New CDC Recommendations Issued for Treating Concussions in Kids

New CDC Recommendations Issued for Treating Concussions in KidsThe U.S. Centers for Disease Controlling and Prevention (CDC) recently issued a series of criteria for the effective diagnosis and treatment of children who’ve suffered concussions. Derived from a quarter of a century of research, the guidelines cover the management of child concussions and the types of procedures that are likely to produce the greatest benefits.

Although the American Academy of Pediatrics and the American Academy of Neurology have both issued their own set of evidence-based criteria, they apply exclusively to sports concussions. The CDC guidelines are applicable to concussions resulting from all events, including car accidents, falls, and sports.

The results of the study published in the journal Pediatrics in 2016 indicate that kids sustain approximately 1.1 million to 1.9 million concussions each year due to recreation and sports activity. However, researchers also discovered that between 500,000 and 1.2 million concussions are never reported to healthcare professionals.

These statistics indicate that potentially hundreds of thousands of children may be suffering head injuries and concussions that can impact their future cognitive capabilities regarding memory, learning, mood, etc. As well, many children may be at risk for second impact syndrome, a condition that occurs when a subsequent concussion is sustained before the initial concussion has healed. This condition involves a rapid swelling of the brain which can lead to death.

Child Concussion Diagnosis and Treatment

The new evidence-based guidelines issued by the CDC indicate that after a child suffers a concussion, the symptoms most often clear up within 30 to 90 days. However, every child is different, and recovery times can vary. For instance, children and teenagers with mental illnesses and learning problems, as well as those already having sustained a concussion may require a longer recovery time.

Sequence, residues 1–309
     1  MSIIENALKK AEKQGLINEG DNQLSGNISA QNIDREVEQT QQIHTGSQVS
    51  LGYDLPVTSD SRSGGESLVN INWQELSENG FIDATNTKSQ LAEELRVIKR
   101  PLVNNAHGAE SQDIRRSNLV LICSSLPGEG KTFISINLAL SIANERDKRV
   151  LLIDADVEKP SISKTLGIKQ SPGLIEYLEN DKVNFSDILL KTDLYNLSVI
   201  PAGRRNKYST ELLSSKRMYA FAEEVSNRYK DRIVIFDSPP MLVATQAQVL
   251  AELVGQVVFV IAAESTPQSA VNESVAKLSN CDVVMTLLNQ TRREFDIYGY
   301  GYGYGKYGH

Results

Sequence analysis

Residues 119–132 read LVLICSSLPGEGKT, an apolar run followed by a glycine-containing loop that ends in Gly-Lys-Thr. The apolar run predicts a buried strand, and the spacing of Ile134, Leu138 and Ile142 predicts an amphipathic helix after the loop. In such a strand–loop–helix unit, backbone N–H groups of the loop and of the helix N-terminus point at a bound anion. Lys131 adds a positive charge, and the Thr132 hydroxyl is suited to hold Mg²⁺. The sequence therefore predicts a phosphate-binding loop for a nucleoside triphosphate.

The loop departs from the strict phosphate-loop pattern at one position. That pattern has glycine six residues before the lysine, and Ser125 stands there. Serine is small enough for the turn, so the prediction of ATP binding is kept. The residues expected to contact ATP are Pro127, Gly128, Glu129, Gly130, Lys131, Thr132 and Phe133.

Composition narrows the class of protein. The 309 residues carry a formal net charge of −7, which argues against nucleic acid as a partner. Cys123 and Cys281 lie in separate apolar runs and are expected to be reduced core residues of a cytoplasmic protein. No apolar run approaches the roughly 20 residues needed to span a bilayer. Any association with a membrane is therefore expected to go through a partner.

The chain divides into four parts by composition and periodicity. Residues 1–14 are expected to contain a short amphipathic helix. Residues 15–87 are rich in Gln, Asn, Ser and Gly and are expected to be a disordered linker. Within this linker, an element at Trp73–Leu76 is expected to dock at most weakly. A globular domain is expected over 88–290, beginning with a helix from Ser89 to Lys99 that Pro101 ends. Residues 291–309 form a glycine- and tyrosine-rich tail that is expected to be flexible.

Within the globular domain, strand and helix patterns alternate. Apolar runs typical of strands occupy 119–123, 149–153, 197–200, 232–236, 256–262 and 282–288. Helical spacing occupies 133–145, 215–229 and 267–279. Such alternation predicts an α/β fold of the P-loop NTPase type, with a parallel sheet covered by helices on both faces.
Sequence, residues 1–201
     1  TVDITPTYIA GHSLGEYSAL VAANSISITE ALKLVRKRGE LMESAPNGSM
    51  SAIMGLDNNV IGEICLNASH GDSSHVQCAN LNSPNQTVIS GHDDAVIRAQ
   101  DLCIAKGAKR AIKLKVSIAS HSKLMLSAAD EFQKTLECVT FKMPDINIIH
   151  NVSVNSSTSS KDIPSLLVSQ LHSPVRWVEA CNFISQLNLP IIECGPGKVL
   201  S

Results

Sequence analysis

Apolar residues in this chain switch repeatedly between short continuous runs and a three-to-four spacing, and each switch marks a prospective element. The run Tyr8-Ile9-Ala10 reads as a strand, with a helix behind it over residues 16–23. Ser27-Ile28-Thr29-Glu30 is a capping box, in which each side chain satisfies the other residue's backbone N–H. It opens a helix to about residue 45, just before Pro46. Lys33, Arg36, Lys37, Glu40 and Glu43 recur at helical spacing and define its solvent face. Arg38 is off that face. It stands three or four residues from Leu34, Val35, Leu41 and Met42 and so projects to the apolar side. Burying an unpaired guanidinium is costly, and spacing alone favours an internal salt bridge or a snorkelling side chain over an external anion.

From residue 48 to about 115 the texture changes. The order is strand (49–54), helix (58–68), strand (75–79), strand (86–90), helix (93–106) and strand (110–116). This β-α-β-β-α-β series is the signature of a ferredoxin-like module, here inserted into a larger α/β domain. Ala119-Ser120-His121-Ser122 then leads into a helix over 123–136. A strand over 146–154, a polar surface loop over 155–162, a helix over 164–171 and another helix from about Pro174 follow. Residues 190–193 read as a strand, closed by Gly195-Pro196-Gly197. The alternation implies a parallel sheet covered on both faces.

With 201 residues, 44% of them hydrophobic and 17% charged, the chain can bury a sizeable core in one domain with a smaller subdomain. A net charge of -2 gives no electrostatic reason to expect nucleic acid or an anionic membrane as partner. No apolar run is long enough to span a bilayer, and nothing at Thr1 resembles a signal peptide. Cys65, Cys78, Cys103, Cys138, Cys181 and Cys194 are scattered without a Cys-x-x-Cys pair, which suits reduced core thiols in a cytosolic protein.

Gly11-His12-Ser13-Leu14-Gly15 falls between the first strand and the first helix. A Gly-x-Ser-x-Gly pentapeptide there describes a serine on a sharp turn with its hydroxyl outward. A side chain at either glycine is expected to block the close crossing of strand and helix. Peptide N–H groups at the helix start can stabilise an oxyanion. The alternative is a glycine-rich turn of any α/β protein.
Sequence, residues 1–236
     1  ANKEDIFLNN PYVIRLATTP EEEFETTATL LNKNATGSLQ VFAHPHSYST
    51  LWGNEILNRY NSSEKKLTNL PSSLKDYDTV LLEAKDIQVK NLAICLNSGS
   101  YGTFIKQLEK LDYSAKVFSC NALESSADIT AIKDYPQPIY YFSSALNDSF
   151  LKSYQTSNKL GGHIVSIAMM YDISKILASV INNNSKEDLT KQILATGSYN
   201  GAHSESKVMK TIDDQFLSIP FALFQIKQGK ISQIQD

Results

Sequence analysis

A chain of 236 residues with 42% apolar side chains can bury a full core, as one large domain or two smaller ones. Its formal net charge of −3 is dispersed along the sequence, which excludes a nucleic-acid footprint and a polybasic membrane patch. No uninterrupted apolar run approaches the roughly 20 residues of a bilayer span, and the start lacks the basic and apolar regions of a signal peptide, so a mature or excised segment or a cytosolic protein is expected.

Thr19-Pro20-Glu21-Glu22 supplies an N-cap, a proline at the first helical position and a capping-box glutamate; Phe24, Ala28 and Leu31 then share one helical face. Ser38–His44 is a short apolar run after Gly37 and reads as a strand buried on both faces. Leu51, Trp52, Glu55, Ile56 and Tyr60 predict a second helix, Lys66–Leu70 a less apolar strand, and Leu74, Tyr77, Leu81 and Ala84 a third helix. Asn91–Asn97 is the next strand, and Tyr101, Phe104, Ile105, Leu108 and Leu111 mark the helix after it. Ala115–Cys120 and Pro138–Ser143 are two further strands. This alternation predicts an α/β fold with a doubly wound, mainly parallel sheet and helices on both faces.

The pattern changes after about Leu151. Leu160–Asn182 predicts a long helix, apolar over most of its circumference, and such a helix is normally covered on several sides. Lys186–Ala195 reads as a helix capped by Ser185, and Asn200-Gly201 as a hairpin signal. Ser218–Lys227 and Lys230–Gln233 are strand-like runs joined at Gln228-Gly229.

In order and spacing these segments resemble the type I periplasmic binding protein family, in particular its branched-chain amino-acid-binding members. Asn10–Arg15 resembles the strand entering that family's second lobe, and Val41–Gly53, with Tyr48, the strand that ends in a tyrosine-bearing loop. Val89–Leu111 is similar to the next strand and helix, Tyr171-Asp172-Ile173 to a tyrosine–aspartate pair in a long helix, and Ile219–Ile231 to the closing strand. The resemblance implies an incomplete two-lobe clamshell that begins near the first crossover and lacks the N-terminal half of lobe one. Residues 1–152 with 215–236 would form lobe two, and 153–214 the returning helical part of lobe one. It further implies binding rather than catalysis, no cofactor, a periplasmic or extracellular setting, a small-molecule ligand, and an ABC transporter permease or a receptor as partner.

As it regards the potential severity of a concussion, children experiencing one or more of the following symptoms may require additional medical care:

  • Dizziness
  • Worsening headaches
  • Difficulty sleeping
  • Sensitivity to noise or light
  • Vomiting

Proper treatment for concussions initially involves a period of rest, both mentally and physically, for the first three days. The child should not participate in any school or sports activities. Subsequent to this three-day rest period, the child should gradually return to normal activities – doing so can be important to preventing further inactivity from worsening the symptoms.

According to the CDC guidelines, CT scans and x-rays are not effective at diagnosing concussions. In addition, blood tests have proven ineffective as well.

Co-author of the CDC guidelines and brain injury specialist Matthew Breiding advises that parents should teach their children to report any concussion symptoms immediately. As well, it is important for parents to remind children of the serious consequences of a concussion and to not ignore or fail to report the injury because it may affect their participation in an activity or sport, or make the them look weak in front of friends. Proper diagnosis and treatment of a concussion is crucial in order to avoid a more serious injury.

If your child has suffered a debilitating concussion or brain injury due to the negligence of another party, our Los Angeles personal injury attorneys at Taylor & Ring are able to fight on your behalf for the justice and compensation you deserve. To arrange a free consultation about your case, call us today at 310.776.6390 or complete our contact form.